In the soaking furnace at Pilsen Steel in the Czech Republic, 34CrNiMo6 steel ingots are heated to 1,100°-1,200°C prior to forging.
Pilsen Steel is a Czech manufacturer of steel ingots, ductile- and gray-iron castings, and finished machined forgings for a multiple industrial markets, including power generation and shipbuilding. Two-thirds of the company’s shipments are exported, and have been used in high-profile projects all over the world. For example, Pilsen Steel provided the wheel shaft and 200 metric tons of other castings for the London Eye Ferris wheel. Pilsen Steel also is one of the world’s highest-volume producers of wind turbine shafts, and one of the largest suppliers of large crankshafts for four-stroke diesel engines.
Pilsen does all of its production at one plant, in the city of Pilsen, in the western part of the Czech Republic, where it has steelmaking, metalcasting, forging, round and finish machining operations. Recently the company recognized a problem with material cracking on a batch of 34CrNiMo6 steel ingots during forging.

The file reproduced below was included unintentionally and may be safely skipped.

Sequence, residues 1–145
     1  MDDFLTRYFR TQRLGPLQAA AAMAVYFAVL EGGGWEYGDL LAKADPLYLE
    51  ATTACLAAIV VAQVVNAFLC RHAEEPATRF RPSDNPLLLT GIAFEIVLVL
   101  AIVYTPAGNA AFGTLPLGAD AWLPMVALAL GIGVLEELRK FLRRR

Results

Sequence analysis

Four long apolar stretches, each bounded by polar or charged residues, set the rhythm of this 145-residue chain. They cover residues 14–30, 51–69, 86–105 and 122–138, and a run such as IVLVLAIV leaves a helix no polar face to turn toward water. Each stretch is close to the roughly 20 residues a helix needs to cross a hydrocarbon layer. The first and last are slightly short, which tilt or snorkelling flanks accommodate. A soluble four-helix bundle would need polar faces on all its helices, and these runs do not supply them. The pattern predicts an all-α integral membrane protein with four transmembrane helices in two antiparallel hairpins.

After casting, the ingots had been quenched in water to 500°-600°C, prior to reheating in a soaking furnace to temperatures of 1,100°-1,200°C. It was unclear whether the cause of the cracks had been the heating or the forging operation, and Pilsen contracted Comtes FHT a.s. to investigate, determine the root cause, and suggest a remedy.
Comtes FHT is a non-profit organization focused on applied research for industrial partners involved in the production of metal products. Its services include fracture-toughness testing, high-temperature testing, fatigue testing, strain measurement, material analysis with electron microscopes, electron backscatter diffraction (EBSD) analysis, and energy dispersive X-ray analysis (EDX) of chemical composition. The organization is experienced at physical testing, material analysis, computer simulation, process design and development, and prototype manufacturing.
Pilsen Steel supplied the ingot and furnace geometries to Comtes FHT as 2D drawings. Comtes researchers reproduced the ingot geometry in desktop CAD software, then created a simple 2D axisymmetric model of a single ingot and the furnace wall. Comtes obtained the material properties for the simulations through experimental tests that included thermal capacity, thermal conductivity, heat expansion coefficient, and phase transformation.